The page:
Course Long Title
What does it mean to live the "good life"? How is this related to building, planning, desiring, or dwelling in a "good place"? How do plans and policies for good life morph into bad places? Are good places always exclusionary, and thus foundationally bad places for some? This course traces two trends side by side: the early modern vogue for utopia-fictions, such as Thomas More's Utopia, and the twentieth- and twenty-first-century turn to dystopia-fictions, such as Orwell’s 1984. Students consider relationships of genre, politics, identity, modernity, and colonialism between these two trends, while broadly considering the relationship among power, place, and community.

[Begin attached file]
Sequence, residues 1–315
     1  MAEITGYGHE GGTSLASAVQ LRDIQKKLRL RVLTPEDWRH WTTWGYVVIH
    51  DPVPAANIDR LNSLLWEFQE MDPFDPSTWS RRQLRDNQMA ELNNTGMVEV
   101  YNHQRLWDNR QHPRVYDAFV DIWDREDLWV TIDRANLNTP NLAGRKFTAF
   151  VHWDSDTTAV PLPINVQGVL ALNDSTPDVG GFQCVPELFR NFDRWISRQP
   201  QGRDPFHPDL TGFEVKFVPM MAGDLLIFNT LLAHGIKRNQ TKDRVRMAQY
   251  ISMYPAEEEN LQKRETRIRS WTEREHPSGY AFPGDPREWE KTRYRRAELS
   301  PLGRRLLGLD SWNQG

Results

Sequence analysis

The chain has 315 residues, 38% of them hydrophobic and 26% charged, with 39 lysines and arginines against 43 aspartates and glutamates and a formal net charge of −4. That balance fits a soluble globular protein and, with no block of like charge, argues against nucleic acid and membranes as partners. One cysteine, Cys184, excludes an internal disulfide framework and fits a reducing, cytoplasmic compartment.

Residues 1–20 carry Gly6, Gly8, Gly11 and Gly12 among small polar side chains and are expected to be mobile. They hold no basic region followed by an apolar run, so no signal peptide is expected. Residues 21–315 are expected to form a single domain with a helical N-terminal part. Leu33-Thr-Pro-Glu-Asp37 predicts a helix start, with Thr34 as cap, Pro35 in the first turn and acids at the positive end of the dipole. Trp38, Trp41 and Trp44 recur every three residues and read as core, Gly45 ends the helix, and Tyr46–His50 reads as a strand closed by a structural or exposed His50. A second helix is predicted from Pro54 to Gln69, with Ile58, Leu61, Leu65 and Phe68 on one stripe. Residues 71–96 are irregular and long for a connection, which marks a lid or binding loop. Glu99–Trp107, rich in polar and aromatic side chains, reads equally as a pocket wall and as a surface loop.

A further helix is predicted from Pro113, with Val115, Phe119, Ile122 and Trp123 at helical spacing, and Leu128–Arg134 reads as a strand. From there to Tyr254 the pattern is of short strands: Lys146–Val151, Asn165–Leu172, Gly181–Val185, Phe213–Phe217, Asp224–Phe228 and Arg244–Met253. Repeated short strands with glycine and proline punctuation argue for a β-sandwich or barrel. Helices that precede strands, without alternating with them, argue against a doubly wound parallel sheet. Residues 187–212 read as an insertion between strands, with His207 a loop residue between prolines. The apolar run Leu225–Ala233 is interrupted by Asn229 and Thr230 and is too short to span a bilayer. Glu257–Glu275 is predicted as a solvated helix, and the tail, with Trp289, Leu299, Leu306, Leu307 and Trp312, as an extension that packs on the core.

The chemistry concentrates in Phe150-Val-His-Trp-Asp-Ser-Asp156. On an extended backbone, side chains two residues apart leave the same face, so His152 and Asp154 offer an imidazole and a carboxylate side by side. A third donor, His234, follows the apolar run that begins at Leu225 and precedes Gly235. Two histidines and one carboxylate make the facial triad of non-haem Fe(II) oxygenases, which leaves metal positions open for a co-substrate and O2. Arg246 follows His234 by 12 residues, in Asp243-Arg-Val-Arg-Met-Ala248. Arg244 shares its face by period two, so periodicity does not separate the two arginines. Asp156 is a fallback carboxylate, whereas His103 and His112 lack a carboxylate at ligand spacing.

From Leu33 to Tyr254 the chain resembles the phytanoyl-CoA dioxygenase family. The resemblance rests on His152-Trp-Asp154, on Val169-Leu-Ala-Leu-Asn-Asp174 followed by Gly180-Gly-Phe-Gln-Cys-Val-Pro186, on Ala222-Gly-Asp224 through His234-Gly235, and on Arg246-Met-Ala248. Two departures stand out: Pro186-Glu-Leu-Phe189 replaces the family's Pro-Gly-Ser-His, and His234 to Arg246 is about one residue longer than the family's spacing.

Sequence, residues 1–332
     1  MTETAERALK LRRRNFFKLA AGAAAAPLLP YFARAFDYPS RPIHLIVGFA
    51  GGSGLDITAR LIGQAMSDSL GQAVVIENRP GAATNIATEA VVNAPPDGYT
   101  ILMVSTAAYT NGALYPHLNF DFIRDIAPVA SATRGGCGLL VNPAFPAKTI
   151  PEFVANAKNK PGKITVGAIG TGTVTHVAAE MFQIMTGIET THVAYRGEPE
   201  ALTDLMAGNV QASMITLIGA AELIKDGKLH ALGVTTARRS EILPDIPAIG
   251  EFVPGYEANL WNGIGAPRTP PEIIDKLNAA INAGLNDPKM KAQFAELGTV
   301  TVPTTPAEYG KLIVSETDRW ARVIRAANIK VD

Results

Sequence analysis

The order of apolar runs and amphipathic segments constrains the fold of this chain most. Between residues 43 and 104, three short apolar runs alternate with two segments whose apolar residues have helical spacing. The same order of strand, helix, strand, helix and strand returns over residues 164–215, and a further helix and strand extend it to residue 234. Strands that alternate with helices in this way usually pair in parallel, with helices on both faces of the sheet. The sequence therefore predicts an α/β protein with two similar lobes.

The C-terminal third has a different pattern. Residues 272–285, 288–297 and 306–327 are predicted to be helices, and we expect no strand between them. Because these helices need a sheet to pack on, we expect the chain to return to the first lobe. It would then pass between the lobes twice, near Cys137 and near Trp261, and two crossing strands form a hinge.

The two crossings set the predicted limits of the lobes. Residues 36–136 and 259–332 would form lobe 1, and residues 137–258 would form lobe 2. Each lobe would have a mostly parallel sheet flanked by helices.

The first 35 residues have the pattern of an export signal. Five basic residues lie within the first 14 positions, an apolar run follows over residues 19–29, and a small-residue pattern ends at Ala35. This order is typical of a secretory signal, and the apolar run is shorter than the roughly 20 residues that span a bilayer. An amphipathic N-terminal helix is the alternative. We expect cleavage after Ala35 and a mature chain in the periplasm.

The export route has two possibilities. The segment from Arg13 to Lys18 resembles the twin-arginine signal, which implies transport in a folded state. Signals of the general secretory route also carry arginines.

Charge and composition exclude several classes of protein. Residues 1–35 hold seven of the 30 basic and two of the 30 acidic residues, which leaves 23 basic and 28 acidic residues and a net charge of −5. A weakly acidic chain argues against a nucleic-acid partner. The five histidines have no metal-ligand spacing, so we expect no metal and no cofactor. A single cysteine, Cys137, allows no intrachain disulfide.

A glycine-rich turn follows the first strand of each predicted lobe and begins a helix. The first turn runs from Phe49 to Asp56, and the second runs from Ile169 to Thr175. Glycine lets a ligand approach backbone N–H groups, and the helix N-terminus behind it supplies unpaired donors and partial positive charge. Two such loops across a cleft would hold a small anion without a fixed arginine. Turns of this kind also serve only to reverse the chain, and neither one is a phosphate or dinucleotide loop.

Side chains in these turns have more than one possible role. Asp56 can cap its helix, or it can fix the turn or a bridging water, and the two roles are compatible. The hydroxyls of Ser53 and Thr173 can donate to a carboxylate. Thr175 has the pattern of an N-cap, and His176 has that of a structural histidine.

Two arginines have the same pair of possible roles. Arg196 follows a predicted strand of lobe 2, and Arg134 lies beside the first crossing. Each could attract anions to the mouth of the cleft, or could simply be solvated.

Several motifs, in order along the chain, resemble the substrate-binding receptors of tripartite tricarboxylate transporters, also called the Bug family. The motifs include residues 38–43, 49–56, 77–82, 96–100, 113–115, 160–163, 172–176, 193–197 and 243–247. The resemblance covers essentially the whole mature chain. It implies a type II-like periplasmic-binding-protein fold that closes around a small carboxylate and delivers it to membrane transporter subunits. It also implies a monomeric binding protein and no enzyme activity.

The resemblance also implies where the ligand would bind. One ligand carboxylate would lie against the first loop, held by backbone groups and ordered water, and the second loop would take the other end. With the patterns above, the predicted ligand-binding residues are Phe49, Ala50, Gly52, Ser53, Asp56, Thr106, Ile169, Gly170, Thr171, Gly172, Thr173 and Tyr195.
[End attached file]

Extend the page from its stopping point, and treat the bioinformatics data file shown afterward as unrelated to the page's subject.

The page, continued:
Modes of Inquiry
Analysis and Critique [AC], Historical and Social Inquiry [HS]
GEC This Course Belongs To
Exclude First Years